Tribal Boundaries in the Nass Watershed

By Neil J. Sterritt; Susan Marsden et al. | Go to book overview

Notes

Chapter 1: Introduction
1
Calder v. Attorney General of British Columbia, Delgamuukw v. The Queen, and numerous specific legal cases concerning fisheries, traplines, and hunting grounds.
2
See, e.g., the introduction in Wilson Duff, ed., Histories, Territories and Laws of the Kitwancool, Anthropology in BC Memoir No. 4 ( Victoria: BCPM 1959).
3
Northwest Coast law included a number of measures by which boundary disputes were resolved. Houses tended to form marriage alliances with houses whose territories were adjacent to each other, thereby creating a chain of territories linked by intermarriage. The leading house chief of the village often married into the leading house of the neighbouring village, thereby linking villages and sometimes nations. Disruption of these centuries-old alliances sometimes resulted in a dispute over ownership of the territory at the boundaries of the villages and nations. These disputes were resolved in battle and a subsequent peace ceremony or by the renewal of the marriage alliance. Boundary disputes also occurred where, in ancient times, clan groups divided and became two distinct houses, one in each of two neighbouring villages. It is quite common for the boundaries between villages to run through what was, in ancient times, a single clan territory. Disputes between two branches of a clan group are most often resolved by shared use, as it is against Northwest Coast law to go to war against members of one's own clan.
4
See Chapter 5.
5
A house or house group is a matrilineal kin group and the fundamental landowning and political unit in Gitksan society. The house always bears the name of its chief. Each house is part of a larger clan group that cuts across national boundaries, the Raven (Frog), Fireweed (Killer Whale), Wolf, or Eagle clan.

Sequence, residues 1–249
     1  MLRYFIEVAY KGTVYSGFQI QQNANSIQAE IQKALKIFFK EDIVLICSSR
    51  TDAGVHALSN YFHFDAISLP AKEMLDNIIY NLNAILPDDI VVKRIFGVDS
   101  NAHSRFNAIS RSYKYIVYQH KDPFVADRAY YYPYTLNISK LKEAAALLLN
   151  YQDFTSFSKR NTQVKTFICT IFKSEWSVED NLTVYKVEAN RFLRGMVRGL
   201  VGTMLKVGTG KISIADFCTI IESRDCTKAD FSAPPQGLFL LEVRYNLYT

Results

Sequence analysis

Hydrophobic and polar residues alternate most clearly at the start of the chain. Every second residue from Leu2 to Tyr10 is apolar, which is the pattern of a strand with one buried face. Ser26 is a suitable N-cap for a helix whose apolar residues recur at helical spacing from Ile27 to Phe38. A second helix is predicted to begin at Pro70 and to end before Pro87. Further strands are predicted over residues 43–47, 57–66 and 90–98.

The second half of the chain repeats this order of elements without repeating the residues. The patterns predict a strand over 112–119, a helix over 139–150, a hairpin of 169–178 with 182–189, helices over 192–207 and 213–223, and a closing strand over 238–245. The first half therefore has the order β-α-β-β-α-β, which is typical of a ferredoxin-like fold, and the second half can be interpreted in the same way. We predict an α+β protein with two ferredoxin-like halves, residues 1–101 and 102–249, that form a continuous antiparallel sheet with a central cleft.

6
Access to a territory other than that of one's own house requires the permission of the chief of the other house. The chief allocates rights to specific areas to those related by marriage to members of his house. These rights are formalized at the wedding feast or at subsequent feasts and are only legal during the lifetime of the spouse. The same is the case with rights to use one's father's territory. The chief may also allow temporary access to resources in his house's territory to close clan relatives from other houses. Travel through the territory of a house other than one's own, even on well-established trails, also requires the permission of the chief of that territory and does not include the right to resources. Anyone travelling in a territory other than one's own was accompanied by a member of the house owning the territory. The violation of these strict laws of ownership and rights of access and use was considered trespass, and the killing of the intruder was sanctioned by Gitksan law.
7
All the members of the house are responsible for defending their territory. The punishment of intruders is sanctioned by Gitksan law, and any house member had the right to kill a trespasser in his territory. This extreme measure usually followed several

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Tribal Boundaries in the Nass Watershed
Table of contents

Table of contents

  • Title Page iii
  • Contents vii
  • Maps ix
  • Acknowledgments xi
  • Abbreviations xiii
  • 1- Introduction 3
  • 2- The Adaawḵ Record and Tribal Boundaries in the Nass Watershed 15
  • Introduction 15
  • Conclusion 57
  • 3- The Gitksan Documentary Record: Gitanyow 59
  • 4- The Gitksan Documentary Record: Kuldo, Kisgaga'As, and Kispiox 98
  • Introduction 98
  • Conclusion 130
  • 5- The Nisga'A Documentary Record 132
  • Introduction 132
  • Conclusion 192
  • 6- Witnesses on the Land: The Euro-Canadian Record, 1832-1930 194
  • Introduction 194
  • Conclusion 240
  • 7- Conclusion 243
  • 8- Epilogue 251
  • Appendices 253
  • Notes 272
  • Glossary of Terms 293
  • Glossary of Place Names 295
  • Glossary of Chiefs' Names 312
  • Bibliography 315
  • Index 319
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